Increasing use of biodiesel could fuel canola explosion
Canola may provide California growers with a new alternative to other grain crops because its oil seeds are a major source of biodiesel. The crop is similar to wheat in terms of planting and harvesting dates.
Field crop growers looking for a viable alternative to wheat, corn and barley may soon find their answer in canola.
Canola is among the best of all crops for making biodiesel fuel. And if biodiesel use increases as expected, there could be enormous demand and significant price increases for canola.
"There is a huge buzz in the bioenergy area. I think even in California there is a possibility we could produce biofuel crops," said Steve Kaffka, University of California Cooperative Extension agronomist.
With the possibility of this extraordinary opportunity in the not-too-distant future, Kaffka is coordinating a UC study on the potential for widespread canola growing in the state.
"We only have a modest experience with canola in California, but I think the prospects for an increase in the price are very realistic," Kaffka said. "The demand for these oil seeds may be sufficient to bring the price to the point that it will be of interest to us."
Canola variety trials have recently been planted in Chico, Davis, the West Side Field Station and the Imperial Valley. Both herbicide-tolerant and conventional varieties were included, which is the first step in the long process of learning to grow canola efficiently in California.
While there is little experience with canola in California, there is a lot of information available from the extensive experience with canola in Australia. The Canola Association of Australia has summarized that experience in a book "Canola in Australia: The First 30 Years," available free on the Internet at www.canolaaustralia.com.
According to Kaffka, most of Australia's canola is grown in an area with a climate similar to the stretch from Bakersfield to Redding.
"Canola is thought to be less tolerant of drought than wheat," he said. But canola is similar to wheat in terms of planting and harvesting dates.
There is between 12 inches and 30 inches of rainfall in the areas of Australia where rain-fed canola is grown. Canola uses around 18 inches of water a year under Australian conditions. The crop is also sensitive to water logging if the roots are soaked too long.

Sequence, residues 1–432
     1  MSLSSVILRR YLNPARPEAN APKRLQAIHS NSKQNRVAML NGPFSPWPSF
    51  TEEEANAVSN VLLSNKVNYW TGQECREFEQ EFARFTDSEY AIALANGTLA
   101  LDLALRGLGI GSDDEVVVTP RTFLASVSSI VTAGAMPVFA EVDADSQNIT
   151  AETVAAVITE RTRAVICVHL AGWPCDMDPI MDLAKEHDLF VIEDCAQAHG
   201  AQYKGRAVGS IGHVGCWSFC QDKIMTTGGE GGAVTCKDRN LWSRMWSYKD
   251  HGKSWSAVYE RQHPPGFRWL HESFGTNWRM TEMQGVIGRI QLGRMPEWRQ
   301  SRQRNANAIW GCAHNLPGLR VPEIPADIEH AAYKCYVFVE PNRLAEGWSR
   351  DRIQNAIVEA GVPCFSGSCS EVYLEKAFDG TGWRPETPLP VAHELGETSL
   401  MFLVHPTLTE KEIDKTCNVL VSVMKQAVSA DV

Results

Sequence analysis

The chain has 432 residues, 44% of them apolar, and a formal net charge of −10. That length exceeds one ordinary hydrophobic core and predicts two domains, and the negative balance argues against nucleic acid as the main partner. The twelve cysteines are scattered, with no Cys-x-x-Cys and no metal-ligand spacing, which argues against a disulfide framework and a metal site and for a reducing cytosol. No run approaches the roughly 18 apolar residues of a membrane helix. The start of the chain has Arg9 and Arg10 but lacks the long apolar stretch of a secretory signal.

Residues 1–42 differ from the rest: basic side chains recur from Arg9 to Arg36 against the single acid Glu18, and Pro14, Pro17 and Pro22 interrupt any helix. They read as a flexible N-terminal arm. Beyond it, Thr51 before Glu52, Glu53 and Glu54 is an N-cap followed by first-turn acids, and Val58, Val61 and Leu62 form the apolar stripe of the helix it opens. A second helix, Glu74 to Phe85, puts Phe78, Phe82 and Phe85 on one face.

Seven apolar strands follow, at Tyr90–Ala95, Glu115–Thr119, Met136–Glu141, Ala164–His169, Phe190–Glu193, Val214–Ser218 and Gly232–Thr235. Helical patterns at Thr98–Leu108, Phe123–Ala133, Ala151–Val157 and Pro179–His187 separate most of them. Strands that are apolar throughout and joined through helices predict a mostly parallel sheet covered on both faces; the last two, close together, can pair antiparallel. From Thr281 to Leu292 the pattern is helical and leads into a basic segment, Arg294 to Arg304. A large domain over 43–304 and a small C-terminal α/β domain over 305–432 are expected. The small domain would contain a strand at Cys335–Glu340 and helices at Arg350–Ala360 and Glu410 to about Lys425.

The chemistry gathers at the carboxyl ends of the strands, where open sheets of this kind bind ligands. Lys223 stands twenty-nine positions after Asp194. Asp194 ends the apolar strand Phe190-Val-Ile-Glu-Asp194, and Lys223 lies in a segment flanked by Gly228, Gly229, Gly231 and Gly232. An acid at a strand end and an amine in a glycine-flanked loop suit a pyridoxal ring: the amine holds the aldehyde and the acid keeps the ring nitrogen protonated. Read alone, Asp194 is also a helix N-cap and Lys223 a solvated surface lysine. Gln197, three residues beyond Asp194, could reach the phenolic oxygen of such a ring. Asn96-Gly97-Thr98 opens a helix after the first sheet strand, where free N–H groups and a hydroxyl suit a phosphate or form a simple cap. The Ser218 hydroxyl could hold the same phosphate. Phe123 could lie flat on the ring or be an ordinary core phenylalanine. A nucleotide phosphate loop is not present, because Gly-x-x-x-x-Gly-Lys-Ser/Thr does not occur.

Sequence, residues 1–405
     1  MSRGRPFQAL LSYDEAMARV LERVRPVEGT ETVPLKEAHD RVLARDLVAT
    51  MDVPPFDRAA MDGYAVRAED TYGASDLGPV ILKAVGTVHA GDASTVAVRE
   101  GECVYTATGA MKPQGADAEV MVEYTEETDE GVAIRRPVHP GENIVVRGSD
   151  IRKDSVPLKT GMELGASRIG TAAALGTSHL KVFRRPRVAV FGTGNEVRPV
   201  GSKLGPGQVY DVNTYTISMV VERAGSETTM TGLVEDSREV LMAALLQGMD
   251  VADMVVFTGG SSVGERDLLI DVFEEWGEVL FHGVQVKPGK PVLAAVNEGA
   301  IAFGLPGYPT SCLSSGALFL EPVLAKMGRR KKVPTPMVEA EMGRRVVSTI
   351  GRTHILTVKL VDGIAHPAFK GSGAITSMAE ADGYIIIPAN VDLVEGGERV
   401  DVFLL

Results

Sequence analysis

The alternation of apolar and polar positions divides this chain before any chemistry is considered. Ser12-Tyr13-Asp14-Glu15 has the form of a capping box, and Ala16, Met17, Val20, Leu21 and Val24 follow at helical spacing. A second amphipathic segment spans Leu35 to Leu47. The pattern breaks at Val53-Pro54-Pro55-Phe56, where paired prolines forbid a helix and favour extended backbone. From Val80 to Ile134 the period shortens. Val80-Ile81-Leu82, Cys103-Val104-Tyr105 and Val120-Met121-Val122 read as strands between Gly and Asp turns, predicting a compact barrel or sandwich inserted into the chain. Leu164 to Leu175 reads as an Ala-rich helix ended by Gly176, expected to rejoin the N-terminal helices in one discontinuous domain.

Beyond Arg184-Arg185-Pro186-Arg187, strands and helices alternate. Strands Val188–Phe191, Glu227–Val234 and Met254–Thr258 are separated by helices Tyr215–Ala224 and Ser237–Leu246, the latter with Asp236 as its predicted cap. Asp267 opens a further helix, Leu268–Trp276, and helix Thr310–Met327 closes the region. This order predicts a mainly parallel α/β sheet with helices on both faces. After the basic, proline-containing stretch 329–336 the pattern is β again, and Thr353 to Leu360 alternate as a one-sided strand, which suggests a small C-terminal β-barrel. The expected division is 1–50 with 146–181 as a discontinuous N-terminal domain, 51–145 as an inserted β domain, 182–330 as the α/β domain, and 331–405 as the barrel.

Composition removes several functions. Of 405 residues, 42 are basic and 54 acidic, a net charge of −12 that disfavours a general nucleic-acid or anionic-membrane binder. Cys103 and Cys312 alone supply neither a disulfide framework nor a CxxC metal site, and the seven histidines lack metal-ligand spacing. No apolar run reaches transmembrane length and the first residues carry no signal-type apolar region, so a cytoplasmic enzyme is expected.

"It gives 55 to 70 percent of the yield of wheat, but what you're getting is seeds that are 45 percent oil," Kaffka said.
Preliminary estimates are that 40 pounds of nitrogen should be applied when growing canola after a high-nitrogen crop, or between 50 and 100 pounds of nitrogen under rain-fed conditions. These estimates come from the Australian experience and also from nitrogen studies that are part of the canola trials around California.
The Australians have a very wide range of canola varieties including shorter maturity types that are suitable for hotter areas. Kaffka has tried to get seeds from some of these Australian varieties, so far without success.
Also to be considered when growing canola are the possibilities of pests and diseases.
"Because it is in the cabbage family, canola will potentially be host to a broader range of pests and diseases than safflower," Kaffka said.
Flea beetles are the most likely pests to cause crop damage, but aphids, cutworms, leafminers, lepidoptera and other potential pests are all possible threats. And phoma, sclerotinia, alternaria, fusarium, verticillium and root rot are among the crop diseases that could become issues with canola.
The production costs for canola are typically in the same range as safflower—between $225 and $300 per acre—but Kaffka said the cost could decrease given certain efficiencies.
"The Australians typically get 1,500 to 2,000 pounds an acre in areas with rainfall similar to the Sacramento Valley, but I don't know if this is where we are stuck if we come up with efficiencies in fertilization, irrigation and variety choice," Kaffka said. "We can get very efficient crop yields if we put our minds to it."
He suggested that precision agriculture could go a long way toward increasing efficiency by improving the targeting of inputs. Another efficiency boost could come from using crops like safflower as rotation crops to recover nitrates from previous crops.
Increased efficiency has already led U.S. farmers in their ability to produce grain surpluses that could be used for biofuels.
Plus there are powerful long-range environmental and global incentives to expand the production of biodiesel.
Kaffka cited studies concluding that 3.8 million metric tons of carbon dioxide are produced in the production of a metric ton of petroleum diesel, but only 1.3 metric tons of carbon dioxide result from the production of a metric ton of biodiesel.
The most common method for making biodiesel is treating vegetable oil with alcohol, which has some problems with consistency of the fuel quality and the stability of the fuel in very cold weather. But both safflower and canola are at the top of the list in terms of crops that help to overcome these quality issues.
"Both safflower and canola are among the best oils for making biodiesel in terms of the quality of the fuel," Kaffka said.
(Bob Johnson is a reporter in Magalia. He may be contacted at firstname.lastname@example.org.)
Permission for use is granted, however, credit must be made to the California Farm Bureau Federation when reprinting this item.